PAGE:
Protest aimed at Hastings probe


Organizer calls investigation ‘outrageous’

By Gary Abernathy - [email protected]



A group protesting the investigation into Hillsboro Mayor Drew Hastings gathered Saturday at the Highland County Courthouse.


A group protesting the ongoing investigation of Hillsboro Mayor Drew Hastings gathered at the Highland County Courthouse around noon on Saturday.

The 15 or so demonstrators held signs and expressed their support for Hastings as traffic passed by, with many motorists honking horns in support of the demonstration.

The event was organized by James Pearce, an adjunct assistant professor at Southern State Community College, who placed a post on his Facebook page announcing the protest. On Saturday, Pearce said the investigation of the mayor is “absolutely outrageous.”

“I’ve never seen such a groundless waste of taxpayer dollars,” said Pearce, as he and others held signs saying things like, “Enough Already” and “We Support Our Mayor – Stop Dirty Politics.”

Pearce said the events surrounding Hastings remind him of Sayre’s Law, which states, “In any dispute the intensity of feeling is inversely proportional to the value of the issues at stake.” Pearce paraphrased it, “The less there is at stake, the more vicious the infighting.”

Separately, another individual, Kay Stamper, purchased an advertisement last week in The Times-Gazette encouraging people to contact her to show their support for the mayor. The ad said, “We need a petition signed by the people and sent to Ohio Attorney General Mike DeWine and Ohio State Auditor Dave Yost. I will stand in the cold for our rights & for the mayor’s rights.”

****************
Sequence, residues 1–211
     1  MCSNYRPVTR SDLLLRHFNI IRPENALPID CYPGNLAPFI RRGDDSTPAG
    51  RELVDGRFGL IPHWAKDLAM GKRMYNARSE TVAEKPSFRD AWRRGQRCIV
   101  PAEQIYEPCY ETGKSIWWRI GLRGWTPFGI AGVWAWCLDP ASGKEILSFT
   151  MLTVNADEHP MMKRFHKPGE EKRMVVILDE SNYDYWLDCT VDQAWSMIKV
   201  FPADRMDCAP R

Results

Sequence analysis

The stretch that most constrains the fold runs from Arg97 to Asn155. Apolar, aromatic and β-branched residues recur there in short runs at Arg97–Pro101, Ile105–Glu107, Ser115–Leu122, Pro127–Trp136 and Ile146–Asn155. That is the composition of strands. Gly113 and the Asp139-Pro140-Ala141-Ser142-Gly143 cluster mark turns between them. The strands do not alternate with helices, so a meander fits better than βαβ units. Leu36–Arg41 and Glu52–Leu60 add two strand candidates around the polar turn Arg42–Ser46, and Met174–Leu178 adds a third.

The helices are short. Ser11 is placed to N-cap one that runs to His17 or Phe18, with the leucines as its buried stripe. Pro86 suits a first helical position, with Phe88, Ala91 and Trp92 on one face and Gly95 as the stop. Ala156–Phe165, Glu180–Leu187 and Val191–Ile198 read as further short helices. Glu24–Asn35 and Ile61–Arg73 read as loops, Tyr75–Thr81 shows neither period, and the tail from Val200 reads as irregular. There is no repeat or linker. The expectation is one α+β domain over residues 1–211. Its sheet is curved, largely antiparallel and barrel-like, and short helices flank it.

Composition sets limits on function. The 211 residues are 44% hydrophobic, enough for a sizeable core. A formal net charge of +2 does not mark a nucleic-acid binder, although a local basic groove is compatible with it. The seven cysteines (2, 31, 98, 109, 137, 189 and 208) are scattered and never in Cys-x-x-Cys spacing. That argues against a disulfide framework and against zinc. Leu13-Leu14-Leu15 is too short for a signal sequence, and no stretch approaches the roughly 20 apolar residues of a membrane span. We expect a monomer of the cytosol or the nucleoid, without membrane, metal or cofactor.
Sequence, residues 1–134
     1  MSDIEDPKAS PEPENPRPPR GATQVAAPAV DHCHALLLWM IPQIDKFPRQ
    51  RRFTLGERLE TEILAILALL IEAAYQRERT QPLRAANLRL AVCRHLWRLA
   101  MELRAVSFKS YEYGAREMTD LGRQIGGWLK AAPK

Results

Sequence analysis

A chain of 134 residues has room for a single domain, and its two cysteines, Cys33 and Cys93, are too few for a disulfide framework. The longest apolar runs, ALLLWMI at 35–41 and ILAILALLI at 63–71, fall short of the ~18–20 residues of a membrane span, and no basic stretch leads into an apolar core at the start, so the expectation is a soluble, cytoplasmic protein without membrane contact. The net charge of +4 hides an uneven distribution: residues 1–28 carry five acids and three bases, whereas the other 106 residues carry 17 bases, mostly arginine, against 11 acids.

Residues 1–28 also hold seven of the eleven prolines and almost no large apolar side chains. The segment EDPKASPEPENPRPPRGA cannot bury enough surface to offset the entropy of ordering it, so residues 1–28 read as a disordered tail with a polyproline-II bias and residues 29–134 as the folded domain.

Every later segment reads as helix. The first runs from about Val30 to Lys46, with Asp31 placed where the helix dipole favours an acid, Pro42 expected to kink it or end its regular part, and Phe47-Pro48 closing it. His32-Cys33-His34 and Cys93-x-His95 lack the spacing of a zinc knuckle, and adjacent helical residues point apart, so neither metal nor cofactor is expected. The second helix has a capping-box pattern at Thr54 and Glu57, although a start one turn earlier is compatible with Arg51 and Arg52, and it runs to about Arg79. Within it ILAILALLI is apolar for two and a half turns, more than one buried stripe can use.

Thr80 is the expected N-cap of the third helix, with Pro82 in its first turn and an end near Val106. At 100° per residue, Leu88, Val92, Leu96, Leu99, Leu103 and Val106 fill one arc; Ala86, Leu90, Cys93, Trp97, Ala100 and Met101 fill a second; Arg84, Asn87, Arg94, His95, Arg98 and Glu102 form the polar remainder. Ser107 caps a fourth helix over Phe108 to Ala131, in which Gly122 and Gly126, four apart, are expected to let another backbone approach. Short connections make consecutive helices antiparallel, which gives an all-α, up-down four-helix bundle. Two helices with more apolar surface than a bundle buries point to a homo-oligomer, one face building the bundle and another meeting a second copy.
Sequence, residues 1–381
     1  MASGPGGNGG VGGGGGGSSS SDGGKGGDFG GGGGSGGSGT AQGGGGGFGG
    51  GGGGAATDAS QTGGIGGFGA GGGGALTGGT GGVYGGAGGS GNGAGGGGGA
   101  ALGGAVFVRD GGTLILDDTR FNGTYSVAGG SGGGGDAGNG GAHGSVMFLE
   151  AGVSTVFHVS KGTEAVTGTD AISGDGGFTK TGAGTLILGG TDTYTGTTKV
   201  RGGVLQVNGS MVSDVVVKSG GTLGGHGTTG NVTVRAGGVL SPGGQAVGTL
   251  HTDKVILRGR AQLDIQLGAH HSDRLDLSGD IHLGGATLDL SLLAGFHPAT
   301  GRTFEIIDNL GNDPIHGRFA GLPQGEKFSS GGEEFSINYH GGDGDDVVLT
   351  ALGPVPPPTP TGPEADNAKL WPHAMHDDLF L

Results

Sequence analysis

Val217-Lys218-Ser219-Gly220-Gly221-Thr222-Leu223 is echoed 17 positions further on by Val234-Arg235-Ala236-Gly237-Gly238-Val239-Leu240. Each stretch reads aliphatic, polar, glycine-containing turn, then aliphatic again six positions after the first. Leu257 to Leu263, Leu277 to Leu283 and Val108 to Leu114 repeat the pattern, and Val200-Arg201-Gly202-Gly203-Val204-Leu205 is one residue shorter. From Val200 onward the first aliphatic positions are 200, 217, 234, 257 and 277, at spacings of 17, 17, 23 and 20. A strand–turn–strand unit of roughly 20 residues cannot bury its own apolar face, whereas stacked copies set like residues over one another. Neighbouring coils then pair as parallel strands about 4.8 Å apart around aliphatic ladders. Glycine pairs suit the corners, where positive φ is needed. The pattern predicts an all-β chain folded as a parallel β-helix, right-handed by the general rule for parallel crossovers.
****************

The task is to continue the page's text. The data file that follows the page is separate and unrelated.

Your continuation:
Hastings has been the subject of a criminal investigation since mid-December. A civil complaint filed by five Hillsboro residents and based on some of the same allegations in the criminal investigation was dismissed in January.

In the criminal probe, special prosecutors have been appointed from the office of State Auditor Dave Yost and the Ohio Ethics Commission.

Allegations have ranged from dumping personal items into a city dumpster to improperly receiving a rebate of a $500 vacant property fee Hastings paid, to “election falsification” based on investigators probing his residency.

Part of determining his residency was based on measuring whether he uses more water at his Hillsboro residence compared to a farmhouse he owns outside of town, according to an affidavit.

Various search warrants and subpoenas have been served. On Feb. 4, a nighttime search warrant was served at Hastings’ Hillsboro residence, which led investigators to order the mayor’s visiting father-in-law out of the home so they could photograph and document clothing, appliances and children’s toys, according to an affidavit and evidence receipt.

The affidavit said investigators are probing allegations that could lead to charges of theft in office, tampering with evidence, election falsification and obstructing official business.

Reach Gary Abernathy at 937-393-3456 or on Twitter @abernathygary.

A group protesting the investigation into Hillsboro Mayor Drew Hastings gathered Saturday at the Highland County Courthouse.
http://timesgazette.com/wp-content/uploads/2016/02/web1_protest-1.jpgA group protesting the investigation into Hillsboro Mayor Drew Hastings gathered Saturday at the Highland County Courthouse.
Organizer calls investigation ‘outrageous’

By Gary Abernathy

[email protected]

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